Last week, we launched a Video Scoring Contest in collaboration with Korg, iZotope, and Create Digital Music. As musicians look to diversify their portfolios and make more money, scoring is a great option — you may know how to write a song for its own sake, but can you write music that’s in service to and support of another art form?
If you’ve never written music for visuals before, but want to dip your toe into the world of video scoring, check out the tips below. Even though there’s no right way to get started, you’ll be shocked by how far you can get with even a little instruction. Remember, the deadline to submit to our video scoring contest is July 20!
Sketch (with Limits)
This part has the potential to be really fun, or really stressful. Now that you know your end goal, begin sketching some ideas. These don’t need to be fully baked or even the entire length of the film. Your goal here is to test different instrument combinations and an overall palette for the piece. Any modern music producer knows there are endless combinations of VSTs and techniques to use.
Before you start, consider some self imposed limitations. For example, start with drums and bass only, or incorporate one technique — such as reverse audio, sidechain compression, or layering — and run with it. Create a handful of sketches that feel like they could be contenders, then start to evolve your favorite one. At this point in the process, you may want to involve your director to get input before going further. These sketches will evolve, but are a good place to begin.
For an idea of how sketches can be fleshed out, listen to Hans Zimmer’s original demo and final version of “Day One” from the soundtrack to Christopher Nolan’s 2014 film Interstellar:
Think of the music as a character in the film, with its own quirks and traits. One way it will be identified is by the melodic themes you create. Write a melody you feel represents the story you want to tell. Follow the basic rules of melody writing:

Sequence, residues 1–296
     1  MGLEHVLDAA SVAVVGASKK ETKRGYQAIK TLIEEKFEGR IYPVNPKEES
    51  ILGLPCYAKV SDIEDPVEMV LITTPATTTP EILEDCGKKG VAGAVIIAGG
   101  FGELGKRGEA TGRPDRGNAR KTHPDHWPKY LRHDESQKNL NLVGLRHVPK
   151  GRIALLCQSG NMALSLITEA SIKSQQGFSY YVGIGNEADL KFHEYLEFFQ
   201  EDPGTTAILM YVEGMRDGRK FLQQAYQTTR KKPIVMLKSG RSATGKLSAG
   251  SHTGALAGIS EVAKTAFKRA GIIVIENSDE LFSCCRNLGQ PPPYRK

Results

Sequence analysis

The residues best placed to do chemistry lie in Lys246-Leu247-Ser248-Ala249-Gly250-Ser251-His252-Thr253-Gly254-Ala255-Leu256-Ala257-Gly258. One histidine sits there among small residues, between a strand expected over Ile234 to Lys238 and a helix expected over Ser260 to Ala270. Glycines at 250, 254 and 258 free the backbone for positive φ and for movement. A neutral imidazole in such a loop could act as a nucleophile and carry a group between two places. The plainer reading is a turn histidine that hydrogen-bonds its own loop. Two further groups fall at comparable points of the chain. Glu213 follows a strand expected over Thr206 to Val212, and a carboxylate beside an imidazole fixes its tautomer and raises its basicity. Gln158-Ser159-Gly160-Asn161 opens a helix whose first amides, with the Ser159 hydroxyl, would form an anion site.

- Start on the I, IV, or V of the chord. (If this is gibberish to you, just start on the root note of the chord you’re playing.)
- Move in steps. A good melody is one that the everyday person can hum along to, so move in small steps until you’re ready to…
- Leap! Not all movement can be in steps, otherwise we’d just be singing scales all day. Your melody can have a few jumps or leaps from one note to another. A leap is when the melody skips a stepwise note to land on a new note.
Once you’ve got a melody you feel good about, you can begin playing with it. Try playing the first three notes and adding some delay to leave the viewer/listener wanting more. Or double the entire melody with the velocity turned up to get maximum attention and gravity; I find adding a saturator at this point particularly satisfying. Repeat the melody or parts of the melody throughout the piece, to your taste. It shouldn’t be the only musical thing happening, but when it returns, the viewer will have a sense of completion.
Check out how composer Angelo Badalamenti began with a simple chord progression into “Laura Palmer’s Theme” from David Lynch’s classic series Twin Peaks:
Hold a Spotting Session
Unlike in our contest, the composer on a project usually isn’t the boss — and if you’re a music producer in 2016, that may be a big change for you. A “spotting session” is a meeting early on in the process between some the composer, director, editor, and producer to go over the music cues and tone for a project. This is your chance to get all the info you need to begin.
The music you’re about to create has to work to lift the project as a whole — it’s not meant to stand on it’s own. The musical choices you make have to directly benefit the vision of the director and the film. The more clued in you are to that vision, the better able you’ll be to deliver something in line with it. Ask questions, be involved, and understand the story. At the end of a spotting session, you should have a nuanced understanding of the story arc and know what your next move is going to be.
Check out composer James Horner discussing his work with Ron Howard on 2001’s A Beautiful Mind:
Of course, things aren’t quite as complex when you’re working with a short piece, so entering our Video Scoring Contest is an even quicker way to get started — plus it’s a chance for you to fill out your home studio with some amazing gear. Have questions? Let us know in the comments!
Top image: Man Working in Music Studio by BlendImages.